LOUDONVILLE, N.Y. (NEWS10) – The Siena College Research Institute (SCRI) released a Holiday poll asking New Yorkers about Christmas, shopping, and Bitcoin.

According to SCRI, 66% of New Yorkers are somewhat or very excited about the upcoming holiday season, up from 59% last year. While most, 43%, plan to spend as they did last year, only 17% plan to increase their spending compared with 37% that say they will spend less.

47% say they plan to do at least half of their shopping online which is down from 57% last year. 70% of consumers have already or plan to shop earlier than usual, and 52% will shop more in-person forgoing online shopping. A majority, 56%, intend to spend less than they had planned.

Up from only 26% a year ago, 34%, now say that they believe in Santa Claus. At the same time, 44% believe that cryptocurrencies like Bitcoin are legitimate currency.

“Belief in Santa and Bitcoin, hmmm, is an odd combo this season but perhaps we’re seeing a changing of the guard,” according to SCRI Director, Don Levy. “Belief in Bitcoin’s legitimacy is highest among younger consumers and lowest among those age 65 and above while saying I believe in Santa is most difficult for those 18-34 years of age to express.”

“While most New Yorkers are planning to either spend less or hold the line on spending, 17% plan to
spend more than last year and 18%, down from 32% a year ago, will spend $1000 or more. Plans to shop online are down from last year as over two-thirds of residents say they will visit local independent stores, small-to-medium chain stores, and 59% will frequent big box retailers. Two-thirds of us have gift cards on our list and 28% plan to buy experience gifts like concert or sporting tickets or spa gift cards. Still, hanging over the head of this season only a quarter of all New Yorkers are better off financially than the were last holiday season,” Levy said.

“While a majority of New Yorkers of every income bracket are excited about the holiday season, intent to spend as well as assessments of their financial well-being vary widely between those making $100k or more and those earning $50k or less,” Levy said. “Among higher earners, equal percentages say they will spend more or spend less, almost three times as many say they are doing better financially than are worse off and nearly 40% will spend more than $1000 on gifts. Among those earning $50k or less, four times as many will spend less rather than more, over twice as many are worse off financially rather than better off and only 7% will spend more than $1000 on holiday gifts.”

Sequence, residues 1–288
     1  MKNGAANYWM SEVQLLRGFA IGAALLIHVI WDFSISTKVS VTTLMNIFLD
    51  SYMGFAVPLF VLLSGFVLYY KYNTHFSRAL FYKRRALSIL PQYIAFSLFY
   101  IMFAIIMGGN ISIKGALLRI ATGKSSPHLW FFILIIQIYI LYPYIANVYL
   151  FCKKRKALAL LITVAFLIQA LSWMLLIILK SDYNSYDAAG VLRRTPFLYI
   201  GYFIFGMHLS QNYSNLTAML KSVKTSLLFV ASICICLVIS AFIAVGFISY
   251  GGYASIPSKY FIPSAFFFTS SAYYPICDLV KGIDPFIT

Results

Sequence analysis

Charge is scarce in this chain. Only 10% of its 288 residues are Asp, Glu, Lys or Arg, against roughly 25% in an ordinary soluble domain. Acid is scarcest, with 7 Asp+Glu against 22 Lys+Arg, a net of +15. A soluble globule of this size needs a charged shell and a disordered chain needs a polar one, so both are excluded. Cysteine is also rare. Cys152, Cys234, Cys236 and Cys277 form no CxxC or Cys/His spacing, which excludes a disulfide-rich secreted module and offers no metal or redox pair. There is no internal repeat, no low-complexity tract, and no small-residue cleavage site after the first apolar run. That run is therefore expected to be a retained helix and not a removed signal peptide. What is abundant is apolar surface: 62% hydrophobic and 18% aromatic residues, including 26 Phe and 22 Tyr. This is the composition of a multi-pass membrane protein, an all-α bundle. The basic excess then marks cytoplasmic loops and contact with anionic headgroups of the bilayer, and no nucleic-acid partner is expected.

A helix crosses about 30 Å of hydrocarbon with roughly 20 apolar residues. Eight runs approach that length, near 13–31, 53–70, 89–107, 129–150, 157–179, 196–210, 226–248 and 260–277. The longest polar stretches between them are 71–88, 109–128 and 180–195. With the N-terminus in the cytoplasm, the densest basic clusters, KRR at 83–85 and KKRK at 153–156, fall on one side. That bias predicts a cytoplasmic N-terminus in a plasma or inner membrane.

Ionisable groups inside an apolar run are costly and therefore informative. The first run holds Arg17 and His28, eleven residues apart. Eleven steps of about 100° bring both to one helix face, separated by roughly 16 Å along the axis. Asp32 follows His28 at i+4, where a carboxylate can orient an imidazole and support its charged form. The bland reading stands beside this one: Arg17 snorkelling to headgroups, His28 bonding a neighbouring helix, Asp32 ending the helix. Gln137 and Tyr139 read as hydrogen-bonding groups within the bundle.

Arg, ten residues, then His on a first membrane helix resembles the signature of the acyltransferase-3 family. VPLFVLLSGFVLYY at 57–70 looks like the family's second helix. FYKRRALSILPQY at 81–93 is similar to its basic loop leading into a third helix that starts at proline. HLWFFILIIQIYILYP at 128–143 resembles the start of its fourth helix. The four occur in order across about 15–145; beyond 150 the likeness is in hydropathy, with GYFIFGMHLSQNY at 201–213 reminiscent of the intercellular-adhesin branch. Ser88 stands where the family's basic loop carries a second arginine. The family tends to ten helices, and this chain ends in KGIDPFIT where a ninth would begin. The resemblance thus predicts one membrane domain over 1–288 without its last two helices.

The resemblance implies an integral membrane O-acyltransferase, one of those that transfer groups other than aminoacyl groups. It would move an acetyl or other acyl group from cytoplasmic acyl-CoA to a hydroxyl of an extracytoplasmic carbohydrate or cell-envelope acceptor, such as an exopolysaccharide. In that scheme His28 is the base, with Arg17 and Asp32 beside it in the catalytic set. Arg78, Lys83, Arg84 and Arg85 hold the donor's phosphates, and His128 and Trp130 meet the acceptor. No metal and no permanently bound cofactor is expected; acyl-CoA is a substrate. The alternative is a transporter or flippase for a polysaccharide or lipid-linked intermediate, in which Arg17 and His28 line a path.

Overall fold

SCRI asked consumers about classic holiday events that many say are part of this season:

(Looking Forward %-Dreading %)

  • Spending time with family (74%- 7%)
  • Eating and eating some more (58%-15%)
  • Cooking for the holiday (54%-17%)
  • Decorating the house (53%-17%)
  • Looking forward to rather than dreading wrapping gifts (47%-25%)
  • Going to holiday parties (42%-21%)
  • Spending money on gifts (35%-35%)
  • Attending concerts, pageants or ceremonies, (26-23%)

“This time of year many of us look forward to many aspects of the season but number one is spending time with family and friends. We’re clearly ambivalent when it comes to spending money on gifts, we love the shopping and giving gifts to our loved ones but in difficult economic times, we worry about our spending. It might be a joke but topping the list of things we dread during the holiday season is eating fruit cake,” Levy said.

“Needless to say, it’s been a rough year. Most New Yorkers are hopeful that 2022 will be a better year than 2021 has been. Here’s hoping they’re right,” Levy said